He had no trouble finding the words.
(Leavitt 2004, 141)
The final scene of Tom's story is consonant with the terms Dean uses to describe the spectacle that is an essential component of contemporary global communications. In her terms, “[s]pectacle is a form of social integration presupposing audiences rather than participants” (Dean 2004, 270), a form of collectivity that bypasses “intersubjective relations or group identifications” and so “makes political action difficult” (Dean 2004, 271). Indeed, there is no promise in Leavitt's narrative that contributing the stories of the street kids to an organ of the public media will make any significant difference to the “beautiful office workers, their arms hung heavy with all the good business of the world” who stop to gawk at the scene of the smoking ruin (Leavitt 2004, 140). There is only the hope that, by entering the “global circulation of information and production of affect” (Dean 2004, 272), Tom will display his suitability as a candidate for “a new life, a new home” (Leavitt 2004, 141).
Like Ellis and Leavitt, Polly Horvath in The Corps of the Bare-Boned Plane (2007) finds the only possibility for unhomed subjects to rehome themselves to be in language. But Horvarth moves further than either Ellis or Leavitt to define a practice in which home can be reimagined as a global place (Picture 3).
Horvath's narrative presents itself as a detective story, a genre that Peter Brooks (1984) has suggested is most insistently concerned with hermeneutics, the search for the principles of interpretation or meaning-making (18). The Corps is an indictment of the delusions of people who believe that they can be self-contained and, on another level, an allegory of the futility of any attempt by the nation in the world of the post-nation to make itself invulnerable to global catastrophe. Two cousins, whose parents have died in a horrific train derailment and massacre in Zimbabwe, a massacre apparently politically motivated, have been sent to live with their guardian, an uncle who, having made his fortune trading in the global stock markets, has retreated to another B.C. island on which he has built a grand Victorian-style house in order to pursue his solitary study, ironically, of “unified field theory” (Horvath 2007, 76). The island he has bought is the graveyard of another odd attempt to renounce connectivity to the larger world. Once the property of the Canadian Department of National Defence, it was used to train air-force pilots to land under “adverse circumstances” (Horvath 2007, 86). The isolation of the site allowed a renegade commander to push the notion of “adverse circumstances” to an extreme. Insisting that a corps of pilots accustomed to use only their own observations and judgments “would be the most powerful fighting force anyone … had ever seen” (Horvath 2007, 86), he stripped the planes of their radar and other instrumentation: it is in this sense that they are “bare-boned.” His experiment was a disaster: the planes regularly crashed and the pilots in them regularly died. Cousins Meline and Jocelyn set themselves the task of finding the downed planes, which have been sinking into the fecund earth and vegetation of the B.C. rainforest, with the plan to assemble the parts into a working machine which they can use to “liftoff,” to “leave the [island] behind,” if and when they choose to do so (Horvath 2007, 91).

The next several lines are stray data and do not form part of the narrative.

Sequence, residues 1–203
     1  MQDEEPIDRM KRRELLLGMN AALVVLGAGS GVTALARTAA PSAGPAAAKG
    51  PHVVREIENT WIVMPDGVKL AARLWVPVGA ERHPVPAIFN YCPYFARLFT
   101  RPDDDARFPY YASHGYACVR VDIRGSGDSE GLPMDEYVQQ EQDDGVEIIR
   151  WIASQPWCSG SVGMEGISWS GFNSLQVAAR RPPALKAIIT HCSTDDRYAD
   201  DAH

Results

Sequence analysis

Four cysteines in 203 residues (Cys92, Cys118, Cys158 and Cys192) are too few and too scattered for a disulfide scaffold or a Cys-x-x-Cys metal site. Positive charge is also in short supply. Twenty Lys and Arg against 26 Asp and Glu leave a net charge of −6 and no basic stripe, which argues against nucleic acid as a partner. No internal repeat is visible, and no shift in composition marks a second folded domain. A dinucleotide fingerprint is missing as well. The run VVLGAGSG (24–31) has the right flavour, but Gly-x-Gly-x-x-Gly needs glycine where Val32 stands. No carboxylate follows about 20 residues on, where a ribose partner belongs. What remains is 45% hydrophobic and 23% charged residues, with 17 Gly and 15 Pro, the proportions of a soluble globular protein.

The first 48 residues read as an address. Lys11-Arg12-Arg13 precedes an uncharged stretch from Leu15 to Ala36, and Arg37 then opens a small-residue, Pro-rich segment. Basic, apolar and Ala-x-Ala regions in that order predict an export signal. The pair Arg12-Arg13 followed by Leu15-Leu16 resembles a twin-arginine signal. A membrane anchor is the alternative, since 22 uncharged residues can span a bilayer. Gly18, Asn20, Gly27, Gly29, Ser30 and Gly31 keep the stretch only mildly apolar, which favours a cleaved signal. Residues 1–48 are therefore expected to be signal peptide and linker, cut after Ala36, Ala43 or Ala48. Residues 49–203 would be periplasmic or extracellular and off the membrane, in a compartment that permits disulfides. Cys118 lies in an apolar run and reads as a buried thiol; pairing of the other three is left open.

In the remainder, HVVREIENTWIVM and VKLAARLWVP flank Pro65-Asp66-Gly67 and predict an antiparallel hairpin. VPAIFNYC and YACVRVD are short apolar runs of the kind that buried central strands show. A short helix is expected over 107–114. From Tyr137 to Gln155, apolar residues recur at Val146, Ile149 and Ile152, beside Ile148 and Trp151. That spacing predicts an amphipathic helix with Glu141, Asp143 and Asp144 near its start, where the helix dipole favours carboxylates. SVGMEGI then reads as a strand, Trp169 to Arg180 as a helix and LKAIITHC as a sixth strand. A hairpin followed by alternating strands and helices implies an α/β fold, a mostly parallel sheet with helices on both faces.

In many ways, this novel fits a story pattern common in children's literature, that of the orphan tale. In a novel such as Anne of Green Gables, for example—notably, the iconic novel of Canadian children's literature—the red-haired waif is adopted into a longed-for family home, itself encircled by the close-knit community of Avonlea, located on an island at the other end of Canada. Horvath's story inverts the basic premises of Montgomery's story: the central girl characters have no desire to be made part of a new family and the home to which they are sent has been deliberately isolated. In an early scene in the narrative, as the girls pass through the down-market east end of Vancouver en route to the helicopter that will take them to their uncle's island, Horvath (2007) metonymically links them to the “panhandlers, drunks, druggies, homeless” whom they see “slumped against buildings and doorways. As if legless” (16). This scene acts as a hermeneutic key to the themes of the narrative: mobility and immobility at different scales—personal, local, national, and global—are to be seen as variations of one another.